In an effort to move customers away from using paper tickets, Caltrain is giving its riders an incentive to switch to reusable Clipper smart cards.
Compared to riders who purchase tickets at Caltrain vending machines, customers using Clipper cards can save 25 cents per zone on fares for one-way rides, and 50 cents for day passes, valid for unlimited rides in specified zones.
Caltrain officials will be closely monitoring how many of its patrons take to using the regional cards this month. The rail agency has set a goal of having at least half of its riders use Clipper by March. If Caltrain fails to meet that goal, officials plan to further increase the cost of paper tickets for one-way rides by an additional 25 cents per zone.
"Clipper is a regional fare card, and the more people that use Clipper, the more efficient and cost-effective it is for the entire system," said Christine Dunn, a Caltrain spokeswoman.
In addition to the cost savings for riders, Dunn also said that Clipper cards help Caltrain conductors validate ticket information more quickly, giving them more time for their other duties.
Two more flu deaths
Authorities confirmed Feb. 1 that two Santa Clara County men died from influenza in January, county public health officials said.
The deaths were both of homeless men under the age of 65, according to the county's Public Health Department.
Health officials previously said that a 98-year-old woman in the county also died in January from the flu and pneumonia.
County health officials planned to hold a news conference in San Jose this afternoon to discuss the deaths and ways to ward off the influenza virus.
—Bay City News Service
VTA to study cutting fares
The Metropolitan Transportation Commission has awarded the Santa Clara Valley Transportation Authority with $1.3 million for a two-year study on reduced fares for low-income customers.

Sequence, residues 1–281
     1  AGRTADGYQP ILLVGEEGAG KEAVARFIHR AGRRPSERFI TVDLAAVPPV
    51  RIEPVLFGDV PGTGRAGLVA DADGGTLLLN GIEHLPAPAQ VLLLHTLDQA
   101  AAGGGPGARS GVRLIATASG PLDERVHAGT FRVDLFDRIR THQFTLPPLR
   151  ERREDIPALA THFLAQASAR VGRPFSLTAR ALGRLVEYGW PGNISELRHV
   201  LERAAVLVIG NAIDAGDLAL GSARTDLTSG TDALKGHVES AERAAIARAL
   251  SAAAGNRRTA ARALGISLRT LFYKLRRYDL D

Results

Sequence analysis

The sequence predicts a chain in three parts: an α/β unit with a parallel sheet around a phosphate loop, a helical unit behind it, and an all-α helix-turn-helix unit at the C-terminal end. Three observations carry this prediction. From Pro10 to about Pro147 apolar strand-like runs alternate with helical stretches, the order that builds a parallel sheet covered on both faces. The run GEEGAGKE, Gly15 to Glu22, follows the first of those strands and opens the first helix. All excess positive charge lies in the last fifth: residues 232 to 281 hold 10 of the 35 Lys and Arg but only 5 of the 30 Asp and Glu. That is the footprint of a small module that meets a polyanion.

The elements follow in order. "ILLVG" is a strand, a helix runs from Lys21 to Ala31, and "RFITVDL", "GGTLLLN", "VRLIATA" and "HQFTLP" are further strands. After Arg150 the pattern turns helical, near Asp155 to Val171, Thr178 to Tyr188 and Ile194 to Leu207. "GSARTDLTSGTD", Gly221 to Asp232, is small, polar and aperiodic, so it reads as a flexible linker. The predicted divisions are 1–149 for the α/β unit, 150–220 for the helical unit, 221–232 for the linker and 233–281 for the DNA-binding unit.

The two-year study will begin in July through Santa Clara County's Social Services Agency.
Local organization People Acting in Community Together raised the issue to multiple city and county officials during a community meeting in September.
Officials from the Santa Clara Valley Transportation Board of Directors who attended were Santa Clara County Supervisors Dave Cortese and Ken Yeager, San Jose City Councilman Sam Liccardo and Mountain View City Councilwoman Margaret Abe-Koga. Cortese and Liccardo are also commissioners for the MTC.
Currently, a monthly pass on the VTA system costs $70. A single ride costs $2.
"Low-income people in Santa Clara County pay the largest percentage of their income on transportation compared to any other county in the Bay Area -- over 33 percent," said PACT member Sandy Hietala in a report released last year titled "Moving Silicon Valley Forward: Housing, Transit, & Traffic at a Crossroad."
The study will be funded through the MTC's Transit Incentive Program.
—Bay City News Service